If Levi's concern is with the assault on human sanctity, Elie Wiesel's is with the assault on God. Franklin addresses this issue in chapter 3, "The Kabbalist in the Death Camp: Elie Wiesel," but, once again, should have gone further. Of Wiesel's Night[8] she writes, "The book's poetic austerity comes at a cost to the literal truth. This cost, it must be said, does not detract in the least from Night's validity as a Holocaust testimonial…. [S]uch a cost exists, if only to remind ourselves that no memoir can be at once an unerring representation of reality and a genuine artistic achievement" (75). But the link between poetic austerity and the truth of a higher relation that might sanctify humanity—the truth of Judaism, in Wiesel's case—eludes her.

Chapter 4, "The Antiwitness: Piotr Rawicz," is a welcome discussion of a neglected Holocaust author and his novel Blood from the Sky.[9] Franklin explains that, while "to write about atrocity is impossible [for Rawicz], not to write about it—though to do so is absurd, obscene, repugnant, insectlike—is equally impossible" (96). His main character, Boris, takes the position of an "antiwitness." A chief moment of "antiwitnessing" comes when two characters mistake human heads lying on the ground outside a Gestapo office for cabbage heads, with no judgment or emotion indicated (98). Franklin argues convincingly that the ambiguity of voices audible in the novel invites the reader "to engage with and accept the story on a deeper psychic level than is experienced by the reader of history…. [I]t is this aspect that Rawicz's novel so brilliantly embodies: the tension between the desire to commit imaginatively to the story and the fear of usurpation, of overstepping the bounds of propriety, of disturbing the rest of the dead" (102).

Chapter 5, "The Bird Painter: Jerzy Kosinski," concerns the misperception of The Painted Bird as autobiographical (104), with the caveat that "a look at Kosinski's theoretical writings shows that it is misguided—not to say impossible—to insist on a strict division between truth and untruth" (107). For Kosinski, what took place in the novel "was true—but in the sense that all great art is true, because it reveals something essential about humanity" (112). While accurate, this observation undermines Franklin's own distinction between truth and lie—what took place and what did not.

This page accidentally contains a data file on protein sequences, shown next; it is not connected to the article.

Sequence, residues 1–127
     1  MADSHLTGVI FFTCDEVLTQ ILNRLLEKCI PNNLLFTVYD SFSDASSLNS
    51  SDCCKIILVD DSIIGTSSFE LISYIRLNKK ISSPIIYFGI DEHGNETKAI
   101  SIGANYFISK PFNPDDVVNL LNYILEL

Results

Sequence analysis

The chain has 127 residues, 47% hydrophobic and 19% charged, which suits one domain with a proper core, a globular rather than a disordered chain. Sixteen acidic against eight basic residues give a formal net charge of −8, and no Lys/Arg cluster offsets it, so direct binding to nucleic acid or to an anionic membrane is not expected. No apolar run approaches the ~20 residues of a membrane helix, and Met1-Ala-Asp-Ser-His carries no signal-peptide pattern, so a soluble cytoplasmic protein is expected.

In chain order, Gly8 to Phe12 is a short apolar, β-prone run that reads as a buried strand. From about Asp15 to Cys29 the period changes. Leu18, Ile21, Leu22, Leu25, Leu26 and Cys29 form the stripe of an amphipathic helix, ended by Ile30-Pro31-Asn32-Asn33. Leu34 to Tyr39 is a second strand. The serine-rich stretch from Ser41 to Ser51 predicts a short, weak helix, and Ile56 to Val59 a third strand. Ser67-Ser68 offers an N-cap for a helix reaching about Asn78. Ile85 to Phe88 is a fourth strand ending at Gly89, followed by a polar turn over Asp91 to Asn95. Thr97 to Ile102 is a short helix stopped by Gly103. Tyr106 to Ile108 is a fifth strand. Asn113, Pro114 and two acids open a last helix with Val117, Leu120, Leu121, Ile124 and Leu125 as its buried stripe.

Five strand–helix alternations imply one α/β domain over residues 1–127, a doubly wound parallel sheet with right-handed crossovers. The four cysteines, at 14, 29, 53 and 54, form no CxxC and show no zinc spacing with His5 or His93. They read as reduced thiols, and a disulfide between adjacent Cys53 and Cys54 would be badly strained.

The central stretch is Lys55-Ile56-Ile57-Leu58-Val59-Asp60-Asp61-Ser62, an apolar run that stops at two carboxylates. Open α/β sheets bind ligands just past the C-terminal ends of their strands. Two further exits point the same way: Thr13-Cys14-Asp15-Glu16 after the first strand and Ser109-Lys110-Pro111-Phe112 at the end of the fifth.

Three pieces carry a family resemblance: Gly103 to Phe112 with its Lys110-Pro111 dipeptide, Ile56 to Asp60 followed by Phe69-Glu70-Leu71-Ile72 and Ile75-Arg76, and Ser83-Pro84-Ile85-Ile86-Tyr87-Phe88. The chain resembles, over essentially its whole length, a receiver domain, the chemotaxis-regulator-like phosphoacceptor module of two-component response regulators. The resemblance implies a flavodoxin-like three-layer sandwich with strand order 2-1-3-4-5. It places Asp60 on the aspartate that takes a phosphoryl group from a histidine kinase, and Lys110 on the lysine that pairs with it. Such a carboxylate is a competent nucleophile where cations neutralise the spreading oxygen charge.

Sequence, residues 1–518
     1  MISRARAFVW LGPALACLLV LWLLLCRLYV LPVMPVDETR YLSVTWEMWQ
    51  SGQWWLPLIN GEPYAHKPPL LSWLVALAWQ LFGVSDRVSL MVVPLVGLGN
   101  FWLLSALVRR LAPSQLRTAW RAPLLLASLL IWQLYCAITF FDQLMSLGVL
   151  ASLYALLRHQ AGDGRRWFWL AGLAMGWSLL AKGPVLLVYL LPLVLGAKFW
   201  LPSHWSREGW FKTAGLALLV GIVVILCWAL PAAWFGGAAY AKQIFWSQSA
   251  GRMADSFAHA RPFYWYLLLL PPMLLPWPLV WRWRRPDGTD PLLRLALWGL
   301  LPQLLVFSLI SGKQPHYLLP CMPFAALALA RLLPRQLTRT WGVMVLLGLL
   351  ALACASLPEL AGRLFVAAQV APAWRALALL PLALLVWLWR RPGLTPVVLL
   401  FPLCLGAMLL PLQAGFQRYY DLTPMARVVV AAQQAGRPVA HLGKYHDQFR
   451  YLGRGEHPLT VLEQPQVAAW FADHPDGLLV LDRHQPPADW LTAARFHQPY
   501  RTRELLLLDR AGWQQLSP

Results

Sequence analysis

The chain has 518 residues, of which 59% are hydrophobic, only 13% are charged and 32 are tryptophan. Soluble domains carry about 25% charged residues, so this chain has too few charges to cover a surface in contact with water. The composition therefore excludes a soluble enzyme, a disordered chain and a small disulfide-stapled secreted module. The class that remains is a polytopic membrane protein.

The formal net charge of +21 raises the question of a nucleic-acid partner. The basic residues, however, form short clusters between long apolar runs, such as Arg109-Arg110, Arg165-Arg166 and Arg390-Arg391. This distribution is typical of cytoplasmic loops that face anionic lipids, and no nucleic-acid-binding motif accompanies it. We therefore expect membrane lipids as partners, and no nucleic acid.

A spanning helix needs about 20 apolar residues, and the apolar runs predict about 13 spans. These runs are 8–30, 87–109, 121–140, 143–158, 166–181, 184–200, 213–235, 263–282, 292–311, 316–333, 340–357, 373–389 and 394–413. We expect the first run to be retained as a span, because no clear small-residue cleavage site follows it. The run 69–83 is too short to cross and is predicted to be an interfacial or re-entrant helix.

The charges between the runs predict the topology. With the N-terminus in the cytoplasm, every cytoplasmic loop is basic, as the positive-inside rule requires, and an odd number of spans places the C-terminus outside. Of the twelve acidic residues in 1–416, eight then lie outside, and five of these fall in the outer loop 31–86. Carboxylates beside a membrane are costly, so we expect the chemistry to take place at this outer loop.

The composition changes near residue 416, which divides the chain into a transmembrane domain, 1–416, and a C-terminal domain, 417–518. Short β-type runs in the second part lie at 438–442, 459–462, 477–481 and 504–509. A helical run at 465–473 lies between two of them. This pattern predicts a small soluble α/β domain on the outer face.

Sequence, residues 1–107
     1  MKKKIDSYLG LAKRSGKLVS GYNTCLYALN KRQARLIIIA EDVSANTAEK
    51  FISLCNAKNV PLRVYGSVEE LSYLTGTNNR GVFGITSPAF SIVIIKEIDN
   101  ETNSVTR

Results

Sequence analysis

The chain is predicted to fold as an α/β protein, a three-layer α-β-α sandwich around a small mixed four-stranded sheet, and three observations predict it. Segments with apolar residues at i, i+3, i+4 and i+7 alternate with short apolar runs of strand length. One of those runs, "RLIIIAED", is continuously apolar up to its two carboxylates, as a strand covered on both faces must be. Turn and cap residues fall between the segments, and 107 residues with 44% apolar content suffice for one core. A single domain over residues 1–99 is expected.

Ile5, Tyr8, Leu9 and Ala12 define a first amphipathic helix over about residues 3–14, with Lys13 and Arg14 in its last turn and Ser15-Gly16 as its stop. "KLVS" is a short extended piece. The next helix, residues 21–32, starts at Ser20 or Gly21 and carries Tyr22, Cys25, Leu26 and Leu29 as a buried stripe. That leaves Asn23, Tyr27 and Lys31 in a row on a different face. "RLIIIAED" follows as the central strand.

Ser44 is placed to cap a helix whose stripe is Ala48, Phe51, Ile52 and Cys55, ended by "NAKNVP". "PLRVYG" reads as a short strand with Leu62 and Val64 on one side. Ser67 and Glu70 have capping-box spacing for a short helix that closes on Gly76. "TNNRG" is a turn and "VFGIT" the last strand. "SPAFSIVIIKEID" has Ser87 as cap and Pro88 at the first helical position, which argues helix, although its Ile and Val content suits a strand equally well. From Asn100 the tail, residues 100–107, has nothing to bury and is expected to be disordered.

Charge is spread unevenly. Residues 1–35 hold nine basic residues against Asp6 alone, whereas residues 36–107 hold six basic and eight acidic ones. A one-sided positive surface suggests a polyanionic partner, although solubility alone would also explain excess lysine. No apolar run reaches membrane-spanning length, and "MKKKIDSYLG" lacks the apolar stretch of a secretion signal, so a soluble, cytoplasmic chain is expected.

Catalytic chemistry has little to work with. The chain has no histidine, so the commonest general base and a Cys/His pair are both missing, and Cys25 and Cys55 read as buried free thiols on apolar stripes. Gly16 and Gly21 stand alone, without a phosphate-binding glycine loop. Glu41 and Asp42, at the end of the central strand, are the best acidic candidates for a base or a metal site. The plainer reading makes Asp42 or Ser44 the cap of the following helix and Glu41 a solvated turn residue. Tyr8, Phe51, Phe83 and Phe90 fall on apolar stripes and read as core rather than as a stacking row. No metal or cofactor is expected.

Chapter 6, "Child of Auschwitz: Imre Kertész,[10]" adds clarity Franklin's previous point about Kosinski: among survivors who became authors, "Kertész has been the most emphatic about distancing his books from testimony" (123). The task of saying what cannot be said falls to the novelist, not the autobiographer. Thus, "for Imre Kertész, to write a true story about Auschwitz, and to keep it true in the telling, requires the spinning of mystical layers, ever shifting, ever unresolved, ever untrue" (140). Franklin does not explain how such untruth may coexist with the notion that all great art is true.

In Part II, "Those Who Came After," chapter 7, "A Story for You: Thomas Keneally, Steven Spielberg," Franklin adds the film Schindler's List (1993) to the canon of Holocaust literature. Here the term authentic pertains to the truth of history not literature: "When the subject is the Holocaust, the question of representation presents the eternally inescapable moral quandary. On the one hand, a convincing portrayal can go far in achieving pedagogical purposes, educating audiences who might not otherwise have been familiar with the events. On the other hand, there are all the usual problems that go along with the representation in film of any historical event" (158). Keneally and Spielberg manage to evoke the infinite moral responsibility for which each of us is chosen, according to the Judaism that the Nazis sought to obliterate. That assignation, however, finds no place in Franklin's analysis.